He shall not judge by what his eyes see, or decide by what his ears hear;
but with righteousness he shall judge the poor, and decide with equity for the meek of the earth; he shall strike the earth with the rod of his mouth, and with the breath of his lips he shall kill the wicked. 5 Righteousness shall be the belt around his waist, and faithfulness the belt around his loins.
6 The wolf shall live with the lamb, the leopard shall lie down with the kid, the calf and the lion and the fatling together, and a little child shall lead them. 7 The cow and the bear shall graze,
their young shall lie down together;
and the lion shall eat straw like the ox.
8 The nursing child shall play over the hole of the asp,
and the weaned child shall put its hand on the adder’s den.
9 They will not hurt or destroy
on all my holy mountain;
for the earth will be full of the knowledge of the Lord
as the waters cover the sea. (Isaiah 11:1-9)
We aren't there yet, and frankly I can't imagine a world where the wolf will lie down with the lamb because the wolf deserves to eat, too - but just because I can't imagine it doesn't mean it can't happen. God's imagination is much more vast than mine - did God not imagine all of creation? But I can imagine a world where no one takes advantage of another, where everyone is satisfied with enough so everyone has enough, where everyone recognizes the value of everyone else. I can imagine a world where righteousness reigns, the poor and meek are treated with equity, and enemies shall put down their weapons. I can imagine a world where no one hurts or destroys.
I have no idea how to make that happen - no one person knows how or can do it alone. People like Martin Luther, Gandhi, Martin Luther King Jr., Pope Francis, Billy Graham and so many others have brought us closer to that imagined world, but we aren't there yet.
God is, though - and we have to remember that God's time is not our time. The peace that God is imagining may not come in our lifetimes. So how can we experience the peace that the angels promised the shepherds?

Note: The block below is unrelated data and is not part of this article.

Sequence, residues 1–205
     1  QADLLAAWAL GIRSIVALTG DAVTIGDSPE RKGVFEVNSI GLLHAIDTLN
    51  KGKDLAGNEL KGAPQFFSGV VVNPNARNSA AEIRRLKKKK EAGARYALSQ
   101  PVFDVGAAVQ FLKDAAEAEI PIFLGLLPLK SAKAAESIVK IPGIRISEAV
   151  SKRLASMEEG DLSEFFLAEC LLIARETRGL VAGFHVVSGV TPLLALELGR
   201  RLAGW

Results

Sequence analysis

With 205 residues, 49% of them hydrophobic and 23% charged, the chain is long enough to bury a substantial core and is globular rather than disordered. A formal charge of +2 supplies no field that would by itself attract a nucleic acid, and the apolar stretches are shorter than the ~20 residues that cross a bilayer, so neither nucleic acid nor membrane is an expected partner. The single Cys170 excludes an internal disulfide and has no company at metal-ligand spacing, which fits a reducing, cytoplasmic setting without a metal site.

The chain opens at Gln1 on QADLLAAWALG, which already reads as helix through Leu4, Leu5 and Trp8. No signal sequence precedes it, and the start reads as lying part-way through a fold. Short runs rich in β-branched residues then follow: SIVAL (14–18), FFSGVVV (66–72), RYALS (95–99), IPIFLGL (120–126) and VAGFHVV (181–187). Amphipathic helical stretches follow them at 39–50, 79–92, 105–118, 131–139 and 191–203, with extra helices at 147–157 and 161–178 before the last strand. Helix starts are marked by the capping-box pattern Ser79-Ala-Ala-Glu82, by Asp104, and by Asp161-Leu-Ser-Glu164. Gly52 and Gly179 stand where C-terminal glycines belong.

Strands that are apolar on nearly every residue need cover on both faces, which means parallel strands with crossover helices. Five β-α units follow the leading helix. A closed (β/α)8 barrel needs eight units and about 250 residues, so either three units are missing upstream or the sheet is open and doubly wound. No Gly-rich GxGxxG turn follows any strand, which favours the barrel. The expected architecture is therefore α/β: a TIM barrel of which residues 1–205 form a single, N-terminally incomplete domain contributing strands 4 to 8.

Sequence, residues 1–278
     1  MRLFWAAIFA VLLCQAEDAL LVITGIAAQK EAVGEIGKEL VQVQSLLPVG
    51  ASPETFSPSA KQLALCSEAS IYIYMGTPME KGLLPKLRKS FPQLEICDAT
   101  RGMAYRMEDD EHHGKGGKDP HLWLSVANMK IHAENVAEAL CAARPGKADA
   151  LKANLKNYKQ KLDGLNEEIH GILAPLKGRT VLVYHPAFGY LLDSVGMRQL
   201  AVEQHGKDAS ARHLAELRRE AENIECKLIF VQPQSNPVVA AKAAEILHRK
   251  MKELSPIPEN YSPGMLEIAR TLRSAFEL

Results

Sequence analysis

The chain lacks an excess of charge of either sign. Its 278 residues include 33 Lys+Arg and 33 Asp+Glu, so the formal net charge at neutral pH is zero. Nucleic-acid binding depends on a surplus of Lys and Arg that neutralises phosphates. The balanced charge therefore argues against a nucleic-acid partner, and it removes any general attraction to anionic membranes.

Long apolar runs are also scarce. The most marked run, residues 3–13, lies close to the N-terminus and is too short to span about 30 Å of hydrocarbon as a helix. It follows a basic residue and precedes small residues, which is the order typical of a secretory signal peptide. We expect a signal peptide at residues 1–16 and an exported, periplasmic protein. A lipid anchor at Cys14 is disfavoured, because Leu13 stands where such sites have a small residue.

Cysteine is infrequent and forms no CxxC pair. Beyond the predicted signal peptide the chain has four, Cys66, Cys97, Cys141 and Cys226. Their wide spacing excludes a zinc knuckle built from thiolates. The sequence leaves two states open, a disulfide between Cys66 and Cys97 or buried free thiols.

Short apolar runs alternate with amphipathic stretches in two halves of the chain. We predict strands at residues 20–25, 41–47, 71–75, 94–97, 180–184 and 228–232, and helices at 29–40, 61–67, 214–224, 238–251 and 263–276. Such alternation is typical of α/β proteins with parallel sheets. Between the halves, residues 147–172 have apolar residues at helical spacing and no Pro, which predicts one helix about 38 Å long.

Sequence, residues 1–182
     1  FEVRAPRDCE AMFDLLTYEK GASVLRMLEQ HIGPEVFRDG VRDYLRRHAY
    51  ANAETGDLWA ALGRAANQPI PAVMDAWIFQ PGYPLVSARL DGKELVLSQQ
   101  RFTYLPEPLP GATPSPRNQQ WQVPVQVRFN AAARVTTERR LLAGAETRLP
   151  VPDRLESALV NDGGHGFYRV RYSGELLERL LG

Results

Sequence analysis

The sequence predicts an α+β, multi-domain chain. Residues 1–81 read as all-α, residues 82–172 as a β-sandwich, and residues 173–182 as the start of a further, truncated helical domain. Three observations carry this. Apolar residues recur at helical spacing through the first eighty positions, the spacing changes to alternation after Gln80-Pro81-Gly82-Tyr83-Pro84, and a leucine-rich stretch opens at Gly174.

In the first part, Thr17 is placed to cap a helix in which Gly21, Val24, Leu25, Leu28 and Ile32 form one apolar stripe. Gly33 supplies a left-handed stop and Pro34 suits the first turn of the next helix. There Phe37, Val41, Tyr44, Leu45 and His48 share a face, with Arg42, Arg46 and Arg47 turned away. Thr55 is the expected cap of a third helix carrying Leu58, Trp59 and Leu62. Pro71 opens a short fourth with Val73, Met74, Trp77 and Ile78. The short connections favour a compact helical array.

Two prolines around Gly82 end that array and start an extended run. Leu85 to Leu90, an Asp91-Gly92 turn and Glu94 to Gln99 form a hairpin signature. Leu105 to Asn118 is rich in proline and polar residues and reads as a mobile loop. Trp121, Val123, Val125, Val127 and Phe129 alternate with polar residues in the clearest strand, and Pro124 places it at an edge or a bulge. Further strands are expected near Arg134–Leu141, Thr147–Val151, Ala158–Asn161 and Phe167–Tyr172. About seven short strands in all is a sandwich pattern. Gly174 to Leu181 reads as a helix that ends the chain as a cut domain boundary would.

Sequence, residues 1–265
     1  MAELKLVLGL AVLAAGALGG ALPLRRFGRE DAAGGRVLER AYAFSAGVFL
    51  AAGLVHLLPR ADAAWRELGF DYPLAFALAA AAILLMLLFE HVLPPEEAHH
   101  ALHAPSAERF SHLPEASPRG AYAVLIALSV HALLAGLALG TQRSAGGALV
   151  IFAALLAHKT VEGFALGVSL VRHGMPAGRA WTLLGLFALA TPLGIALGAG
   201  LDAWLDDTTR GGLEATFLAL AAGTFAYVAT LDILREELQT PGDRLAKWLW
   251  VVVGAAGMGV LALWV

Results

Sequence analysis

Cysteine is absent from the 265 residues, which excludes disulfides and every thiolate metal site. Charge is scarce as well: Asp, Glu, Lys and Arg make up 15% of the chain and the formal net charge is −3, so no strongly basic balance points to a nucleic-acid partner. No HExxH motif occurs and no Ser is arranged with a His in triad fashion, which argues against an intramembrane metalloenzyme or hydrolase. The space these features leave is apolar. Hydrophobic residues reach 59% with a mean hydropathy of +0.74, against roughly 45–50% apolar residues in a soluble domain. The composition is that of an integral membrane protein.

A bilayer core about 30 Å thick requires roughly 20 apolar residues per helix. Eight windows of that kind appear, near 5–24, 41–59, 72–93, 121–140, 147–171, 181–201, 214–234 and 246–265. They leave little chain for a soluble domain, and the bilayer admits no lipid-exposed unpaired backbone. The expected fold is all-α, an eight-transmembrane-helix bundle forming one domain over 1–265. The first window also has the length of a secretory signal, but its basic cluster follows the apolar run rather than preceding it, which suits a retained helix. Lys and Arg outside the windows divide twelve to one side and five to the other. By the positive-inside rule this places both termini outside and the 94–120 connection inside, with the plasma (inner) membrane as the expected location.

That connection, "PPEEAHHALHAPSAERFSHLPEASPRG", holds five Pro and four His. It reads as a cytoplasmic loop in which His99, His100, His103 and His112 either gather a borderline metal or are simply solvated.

Do you remember being little and being rocked by a beloved adult? Perhaps a parent or grandparent, or someone else that you knew loved you?
When Jeff and Julia were little, there were times that they would be scared or sick and there wasn't anything I could do in the moment to make it better. So I held them and rocked them and whispered, "It's OK, Mommy's here." And that always helped, at least a little.
I imagine Mary, holding and rocking Jesus and whispering, "Shhh. Mama's here."
And I think of the times when something has been too big for me and realizing that it isn't too big for God, and relaxing into the trust that some day, some how, God is going to make it right. I feel like God is rocking me and saying, "It's OK. I'm here."
And so this little baby, a tender, helpless, hopeful baby, demonstrates for us the peace that God wants us to have - to trust God, to obey God, to love God and each other. And this Advent, THIS Advent - more than any before - I am holding on to God the way Parker holds on to me sometimes, and God is whispering, "Shh. It's OK. God is here."
This morning I was privileged to bring the children's message at church - I "mailed it in" because we are meeting virtually, but I did put a lot of thought into it so I didn't mail it in in that regard. It was about peace. How does one talk to kids about peace? I think the message is a good one for grownups, too. If you would like to share an Advent message with your kids, here is the Children's Message I shared this morning at Trinity UCC in Waynesboro, PA:
Canisius, Peter and Kang, Michael David. "Peace." Wednesday, 2 December 2020 : 1st Week of Advent (Homily and Scripture Reflections) – petercanisiusmichaeldavidkang Online, accessed 12/6/2020.